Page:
As the wind energy industry continues to grow, there has been debate about whether wind turbines have a more limited shelf-life than other energy technologies, such as solar panels. With the United Kingdom’s (UK) target of generating 15 percent of the nation’s energy from renewable resources such as wind farms by 2020, aging wind turbines could be a concern. According to researchers at the Imperial College Business School, today there are 4,246 wind turbines across 531 wind farms generating 7.5 percent of the country’s electricity.
According to a new study from Imperial researchers, who carried out a comprehensive nationwide analysis of the UK fleet of wind turbines, using local wind speed data from NASA, the turbines will last their full life of about 25 years before they need to be upgraded. A previous study used a statistical model to estimate that electricity output from wind turbines declines by a third after only ten years of operation.
In response to this study, some opponents of wind power have argued that aging turbine technology could need replacing en mass after as little as 10 years. This could make wind energy an unattractive option in economic terms.
However, the Imperial research team found that the UK’s earliest turbines, built in the 1990s, are still producing three-quarters of their original output after 19 years of operation, nearly twice the amount previously claimed, and will operate effectively up to 25 years. This is comparable to the performance of gas turbines used in power stations.
The study also found that more recent turbines are performing even better than the earliest models, suggesting they could have a longer lifespan. The team says this makes a strong business case for further investment in the wind farm industry.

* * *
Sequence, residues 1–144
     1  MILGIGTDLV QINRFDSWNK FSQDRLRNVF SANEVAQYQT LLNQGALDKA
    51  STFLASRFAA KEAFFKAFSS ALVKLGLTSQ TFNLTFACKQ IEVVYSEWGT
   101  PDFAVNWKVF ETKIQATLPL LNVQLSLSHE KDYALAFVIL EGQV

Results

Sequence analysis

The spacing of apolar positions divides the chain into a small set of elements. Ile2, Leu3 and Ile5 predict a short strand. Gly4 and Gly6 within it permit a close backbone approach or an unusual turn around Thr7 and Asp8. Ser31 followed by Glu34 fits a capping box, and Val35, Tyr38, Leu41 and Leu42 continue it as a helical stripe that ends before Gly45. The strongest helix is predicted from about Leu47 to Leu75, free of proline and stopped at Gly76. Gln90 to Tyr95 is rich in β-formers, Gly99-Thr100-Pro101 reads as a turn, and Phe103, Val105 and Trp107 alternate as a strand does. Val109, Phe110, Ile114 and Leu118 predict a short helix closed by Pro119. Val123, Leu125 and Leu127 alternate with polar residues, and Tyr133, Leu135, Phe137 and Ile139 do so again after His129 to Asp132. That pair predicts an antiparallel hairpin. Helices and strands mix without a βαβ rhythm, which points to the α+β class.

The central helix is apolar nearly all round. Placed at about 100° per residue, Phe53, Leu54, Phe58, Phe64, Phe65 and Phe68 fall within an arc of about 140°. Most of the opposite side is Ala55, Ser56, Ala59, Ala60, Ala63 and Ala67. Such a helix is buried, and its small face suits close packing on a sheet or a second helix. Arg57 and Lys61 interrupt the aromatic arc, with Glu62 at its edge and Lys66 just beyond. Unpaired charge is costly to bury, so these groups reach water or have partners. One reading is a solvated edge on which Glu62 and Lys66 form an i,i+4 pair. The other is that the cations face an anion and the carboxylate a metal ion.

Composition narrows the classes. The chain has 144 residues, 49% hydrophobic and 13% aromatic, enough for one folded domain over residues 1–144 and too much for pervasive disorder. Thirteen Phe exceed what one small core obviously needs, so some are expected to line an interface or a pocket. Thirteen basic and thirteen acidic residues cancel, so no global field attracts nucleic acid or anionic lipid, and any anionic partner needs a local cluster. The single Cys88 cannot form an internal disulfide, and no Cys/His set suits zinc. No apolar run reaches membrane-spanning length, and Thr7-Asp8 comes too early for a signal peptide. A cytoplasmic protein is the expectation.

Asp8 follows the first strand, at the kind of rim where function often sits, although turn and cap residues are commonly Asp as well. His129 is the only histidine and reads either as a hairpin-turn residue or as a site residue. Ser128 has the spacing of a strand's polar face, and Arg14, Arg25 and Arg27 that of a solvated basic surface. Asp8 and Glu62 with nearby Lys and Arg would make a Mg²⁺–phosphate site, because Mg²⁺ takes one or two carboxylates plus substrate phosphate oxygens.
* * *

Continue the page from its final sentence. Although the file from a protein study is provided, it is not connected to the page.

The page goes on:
The researchers reached their conclusion using data from NASA, collected over a twenty year period, to measure the wind speed at the exact site of each onshore wind farm in the UK. They compared this with actual recorded output data from each farm and developed a formula that enabled them to calculate how wear and tear of the machinery affects the performance of the turbines. This is in contrast to the previous study, which only used the average estimates of nationwide wind speeds to determine the effects of wear and tear on wind farm infrastructure.
Dr. Iain Staffell, co-author of the paper and a research fellow at Imperial College Business School, said, “Wind farms are an important source of renewable energy. In contrast, our dwindling supply of fossil fuels leaves the UK vulnerable to price fluctuations and with a costly import bill. However, in the past it has been difficult for investors to work out whether wind farms are an attractive investment.”
“Our study provides some certainty, helping investors to see that wind farms are an effective long-term investment and a viable way to help the UK tackle future energy challenges,” added Staffell.
This study gives ‘thumbs up’ to the technology and shows that renewable energy is an asset for the long term. In the future, the team aim to study newer wind farms over a longer period to determine if advancements in turbine technology means that they are degrading less. This could help the researchers to determine more accurately how long newer wind farms will last so that they can calculate their potential long-term economic benefits.